Yueyang is situated in the north of Hunan province, on the north-east bank of Lake Dongtinghu, at 113°08’E and 29°22’N. Trains travel to Yueyang from Wuhan (220km/137 miles south), the provincial capital Changsha (140km/87 miles north), Beijing, Canton and other Chinese cities.
The first urban settlement here was over 2000 years ago. In the 6th c. under the Sui, it was known as Yuezhou and was the capital of one of China’s largest regions. Today Yueyang’s main importance is as a trade centre for timber and cotton,
Yueyang Lou Tower, one of the best-known towers in southern China, stands on the bank of Lake Dongtinghu. Rebuilt in 1045, it replaced a tower built on another site in 716. During the Tang period (618-907) it served as a meeting-placefor well-known writers such as Li Bai and Du Fu (see Famous People) and Bai Juyi, who made it famous, as did the literary figure Fan Zhongyan (989-1052) in later years. The three-storey tower is almost 20m/66ft high. It is built without the use of any cross-beams or nails and stands on wooden supports. It comprises four main halls as well as 24 outer and 12 inner rooms; twelve rain spouts point sharply upwards.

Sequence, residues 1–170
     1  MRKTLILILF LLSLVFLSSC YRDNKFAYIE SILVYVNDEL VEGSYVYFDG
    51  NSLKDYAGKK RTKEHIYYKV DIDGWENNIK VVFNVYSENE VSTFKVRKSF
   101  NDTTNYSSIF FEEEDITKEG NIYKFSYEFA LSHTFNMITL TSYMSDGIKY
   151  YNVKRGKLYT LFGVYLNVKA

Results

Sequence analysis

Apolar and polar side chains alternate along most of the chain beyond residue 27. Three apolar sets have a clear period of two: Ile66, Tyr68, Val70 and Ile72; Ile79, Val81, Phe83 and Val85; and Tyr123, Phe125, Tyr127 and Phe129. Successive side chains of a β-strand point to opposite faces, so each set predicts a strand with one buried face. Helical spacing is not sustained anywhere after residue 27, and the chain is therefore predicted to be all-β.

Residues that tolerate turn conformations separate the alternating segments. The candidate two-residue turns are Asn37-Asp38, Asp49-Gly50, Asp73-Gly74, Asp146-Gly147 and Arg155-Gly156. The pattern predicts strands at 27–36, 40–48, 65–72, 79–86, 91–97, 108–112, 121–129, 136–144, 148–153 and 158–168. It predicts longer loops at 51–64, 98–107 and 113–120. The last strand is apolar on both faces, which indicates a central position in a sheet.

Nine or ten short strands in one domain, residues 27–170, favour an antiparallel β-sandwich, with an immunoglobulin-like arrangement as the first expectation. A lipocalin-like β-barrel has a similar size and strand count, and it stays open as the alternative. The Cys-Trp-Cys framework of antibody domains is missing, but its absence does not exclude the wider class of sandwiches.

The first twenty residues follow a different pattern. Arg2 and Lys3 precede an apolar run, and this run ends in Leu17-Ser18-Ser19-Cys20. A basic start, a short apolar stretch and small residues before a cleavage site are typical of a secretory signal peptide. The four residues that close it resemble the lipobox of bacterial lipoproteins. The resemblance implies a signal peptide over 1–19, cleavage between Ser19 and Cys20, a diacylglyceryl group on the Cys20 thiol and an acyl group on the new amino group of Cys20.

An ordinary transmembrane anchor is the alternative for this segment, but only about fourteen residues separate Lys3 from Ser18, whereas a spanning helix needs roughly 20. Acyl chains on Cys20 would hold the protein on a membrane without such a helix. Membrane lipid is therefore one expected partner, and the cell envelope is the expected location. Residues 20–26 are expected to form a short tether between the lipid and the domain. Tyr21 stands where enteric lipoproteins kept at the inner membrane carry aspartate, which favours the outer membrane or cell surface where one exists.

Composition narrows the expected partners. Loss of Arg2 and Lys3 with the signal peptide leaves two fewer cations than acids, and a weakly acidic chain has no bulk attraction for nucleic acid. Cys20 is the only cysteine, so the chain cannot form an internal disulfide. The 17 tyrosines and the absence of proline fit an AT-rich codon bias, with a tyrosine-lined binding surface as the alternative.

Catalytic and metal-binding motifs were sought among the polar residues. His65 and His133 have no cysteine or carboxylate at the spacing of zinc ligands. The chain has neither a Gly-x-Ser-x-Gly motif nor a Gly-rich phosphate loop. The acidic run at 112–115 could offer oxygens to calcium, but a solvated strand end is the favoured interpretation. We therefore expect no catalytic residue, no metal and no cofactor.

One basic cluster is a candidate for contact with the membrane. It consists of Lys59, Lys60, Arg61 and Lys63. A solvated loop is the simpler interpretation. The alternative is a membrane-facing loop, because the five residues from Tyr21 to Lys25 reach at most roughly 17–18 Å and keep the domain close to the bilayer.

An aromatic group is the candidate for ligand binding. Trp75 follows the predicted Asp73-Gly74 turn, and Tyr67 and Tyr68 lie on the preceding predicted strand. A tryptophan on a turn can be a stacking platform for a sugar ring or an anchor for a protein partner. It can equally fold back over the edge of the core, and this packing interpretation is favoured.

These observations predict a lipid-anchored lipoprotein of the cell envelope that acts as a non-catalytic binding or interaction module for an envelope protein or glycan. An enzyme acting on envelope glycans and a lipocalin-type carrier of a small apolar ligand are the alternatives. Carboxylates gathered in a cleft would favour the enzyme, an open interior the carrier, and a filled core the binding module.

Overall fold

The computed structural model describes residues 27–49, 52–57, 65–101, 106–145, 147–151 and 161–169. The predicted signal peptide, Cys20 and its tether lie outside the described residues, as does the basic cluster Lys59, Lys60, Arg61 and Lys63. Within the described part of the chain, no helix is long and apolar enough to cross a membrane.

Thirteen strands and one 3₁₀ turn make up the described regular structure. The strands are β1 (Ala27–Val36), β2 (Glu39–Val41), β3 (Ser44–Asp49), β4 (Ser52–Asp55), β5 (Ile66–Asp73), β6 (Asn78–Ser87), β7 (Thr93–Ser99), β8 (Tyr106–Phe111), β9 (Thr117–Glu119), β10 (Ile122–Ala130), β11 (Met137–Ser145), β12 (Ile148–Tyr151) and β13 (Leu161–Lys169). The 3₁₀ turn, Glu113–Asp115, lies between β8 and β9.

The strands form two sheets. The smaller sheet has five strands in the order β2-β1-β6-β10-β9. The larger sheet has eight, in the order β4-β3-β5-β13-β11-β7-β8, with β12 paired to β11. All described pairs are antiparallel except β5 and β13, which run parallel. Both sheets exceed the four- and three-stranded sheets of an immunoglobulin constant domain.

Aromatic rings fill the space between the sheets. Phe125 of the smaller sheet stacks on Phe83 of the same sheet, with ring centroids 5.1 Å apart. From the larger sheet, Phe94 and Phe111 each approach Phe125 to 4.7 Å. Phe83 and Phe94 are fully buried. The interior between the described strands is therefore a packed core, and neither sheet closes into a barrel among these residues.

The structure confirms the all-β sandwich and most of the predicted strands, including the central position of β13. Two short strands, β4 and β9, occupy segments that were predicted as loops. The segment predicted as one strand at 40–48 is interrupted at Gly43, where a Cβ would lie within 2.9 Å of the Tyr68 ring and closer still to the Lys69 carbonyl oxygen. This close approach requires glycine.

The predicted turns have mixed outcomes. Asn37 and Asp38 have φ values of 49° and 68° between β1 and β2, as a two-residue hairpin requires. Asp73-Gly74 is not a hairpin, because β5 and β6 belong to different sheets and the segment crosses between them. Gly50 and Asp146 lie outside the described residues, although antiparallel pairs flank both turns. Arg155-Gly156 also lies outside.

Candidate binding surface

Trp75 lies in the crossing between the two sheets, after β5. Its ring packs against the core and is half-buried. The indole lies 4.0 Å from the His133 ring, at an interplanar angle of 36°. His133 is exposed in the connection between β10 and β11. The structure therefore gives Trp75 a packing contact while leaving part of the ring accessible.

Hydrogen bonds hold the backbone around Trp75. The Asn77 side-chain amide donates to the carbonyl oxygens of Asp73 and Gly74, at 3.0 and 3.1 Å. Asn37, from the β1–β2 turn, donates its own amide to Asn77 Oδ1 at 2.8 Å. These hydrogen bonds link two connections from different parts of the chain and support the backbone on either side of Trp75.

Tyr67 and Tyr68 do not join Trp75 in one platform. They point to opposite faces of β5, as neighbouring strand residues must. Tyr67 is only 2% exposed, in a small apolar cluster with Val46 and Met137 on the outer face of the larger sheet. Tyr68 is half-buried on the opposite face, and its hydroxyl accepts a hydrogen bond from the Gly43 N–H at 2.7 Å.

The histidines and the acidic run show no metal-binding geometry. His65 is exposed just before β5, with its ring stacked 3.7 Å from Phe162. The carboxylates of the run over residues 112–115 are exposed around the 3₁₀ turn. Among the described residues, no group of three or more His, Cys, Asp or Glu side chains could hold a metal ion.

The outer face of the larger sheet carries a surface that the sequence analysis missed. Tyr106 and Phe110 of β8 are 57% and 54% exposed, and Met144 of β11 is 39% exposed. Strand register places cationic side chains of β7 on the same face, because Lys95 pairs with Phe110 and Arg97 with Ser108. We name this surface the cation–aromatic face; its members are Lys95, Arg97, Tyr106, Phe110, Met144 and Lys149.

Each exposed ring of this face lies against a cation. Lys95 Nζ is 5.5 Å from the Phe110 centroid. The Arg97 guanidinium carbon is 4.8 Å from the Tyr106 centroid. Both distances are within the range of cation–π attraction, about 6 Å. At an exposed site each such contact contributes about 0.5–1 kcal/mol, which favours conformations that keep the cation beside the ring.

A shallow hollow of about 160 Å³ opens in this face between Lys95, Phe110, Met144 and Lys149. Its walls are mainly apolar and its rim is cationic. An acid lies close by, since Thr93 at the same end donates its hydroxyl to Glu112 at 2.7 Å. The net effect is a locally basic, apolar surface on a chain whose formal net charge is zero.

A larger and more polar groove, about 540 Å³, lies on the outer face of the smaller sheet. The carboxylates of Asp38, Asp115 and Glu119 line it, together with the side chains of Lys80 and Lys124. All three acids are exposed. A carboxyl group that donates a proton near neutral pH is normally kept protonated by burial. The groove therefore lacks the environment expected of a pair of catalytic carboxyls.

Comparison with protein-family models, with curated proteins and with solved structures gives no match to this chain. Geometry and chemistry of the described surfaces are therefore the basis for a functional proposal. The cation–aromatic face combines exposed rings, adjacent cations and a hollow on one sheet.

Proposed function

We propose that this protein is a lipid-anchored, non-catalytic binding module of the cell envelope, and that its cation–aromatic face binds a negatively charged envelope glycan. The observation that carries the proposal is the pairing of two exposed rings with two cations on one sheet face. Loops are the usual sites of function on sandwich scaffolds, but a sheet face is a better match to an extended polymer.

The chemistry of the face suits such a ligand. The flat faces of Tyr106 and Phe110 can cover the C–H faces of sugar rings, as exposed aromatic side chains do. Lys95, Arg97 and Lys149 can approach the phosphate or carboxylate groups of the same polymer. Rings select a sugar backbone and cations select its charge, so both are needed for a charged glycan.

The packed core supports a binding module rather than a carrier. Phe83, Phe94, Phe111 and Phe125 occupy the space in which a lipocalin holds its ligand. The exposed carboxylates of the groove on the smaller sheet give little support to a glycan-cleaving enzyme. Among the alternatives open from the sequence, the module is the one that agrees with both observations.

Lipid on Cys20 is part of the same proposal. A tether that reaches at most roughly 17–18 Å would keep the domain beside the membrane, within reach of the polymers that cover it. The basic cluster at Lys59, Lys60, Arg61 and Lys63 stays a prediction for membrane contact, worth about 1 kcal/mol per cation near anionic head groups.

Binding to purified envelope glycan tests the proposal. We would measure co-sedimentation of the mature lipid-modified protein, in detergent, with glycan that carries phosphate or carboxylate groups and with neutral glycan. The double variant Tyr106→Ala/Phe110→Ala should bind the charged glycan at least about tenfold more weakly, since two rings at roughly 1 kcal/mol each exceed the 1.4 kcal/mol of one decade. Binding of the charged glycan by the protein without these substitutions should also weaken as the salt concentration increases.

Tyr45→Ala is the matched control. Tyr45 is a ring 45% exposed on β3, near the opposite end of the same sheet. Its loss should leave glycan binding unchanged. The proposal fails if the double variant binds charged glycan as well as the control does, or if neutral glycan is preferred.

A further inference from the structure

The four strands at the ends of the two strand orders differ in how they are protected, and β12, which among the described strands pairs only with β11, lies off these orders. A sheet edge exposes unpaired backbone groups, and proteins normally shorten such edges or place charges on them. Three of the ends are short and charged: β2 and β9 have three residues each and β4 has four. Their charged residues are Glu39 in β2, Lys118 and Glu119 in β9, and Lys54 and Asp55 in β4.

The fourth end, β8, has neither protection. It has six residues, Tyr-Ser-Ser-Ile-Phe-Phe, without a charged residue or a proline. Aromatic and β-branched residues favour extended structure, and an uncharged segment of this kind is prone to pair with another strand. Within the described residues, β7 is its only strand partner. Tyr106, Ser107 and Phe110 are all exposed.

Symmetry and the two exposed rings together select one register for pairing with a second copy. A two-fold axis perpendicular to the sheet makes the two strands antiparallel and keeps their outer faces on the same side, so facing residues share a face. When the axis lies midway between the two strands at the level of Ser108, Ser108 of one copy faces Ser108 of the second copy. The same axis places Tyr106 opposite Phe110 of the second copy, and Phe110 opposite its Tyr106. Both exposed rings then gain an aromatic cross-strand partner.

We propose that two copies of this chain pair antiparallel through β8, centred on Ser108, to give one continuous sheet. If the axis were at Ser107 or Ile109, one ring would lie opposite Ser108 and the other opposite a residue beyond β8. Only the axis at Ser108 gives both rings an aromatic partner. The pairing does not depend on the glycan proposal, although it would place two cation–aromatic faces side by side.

Three pavilions encircle the Yueyang Tower. In front on the right is the Pavilion of the Three Drunks, dedicated to the Immortal Taoist Lu Dongbin who is said to have got drunk on the tower on three occasions.
On the left of the Yueyang Tower stands the Pavilion of the Magic Plums, named after the plum-shaped stone to be found inside it.
The third building, the Pavilion in Memory of Du Fu, stands behind the Yueyang Tower and is, as its name implies, dedicated to the poet Du Fu who died in extreme poverty in 770 on a boat anchored on the banks of Lake Dongtinghu.
Built in 713-741, this pagoda rises to a height of 39m/128ft in the southwest of the town, on the bank of Lake Dongtinghu. It was named after a Mrs Ci who sold everything she possessed in order to pay for it to be built.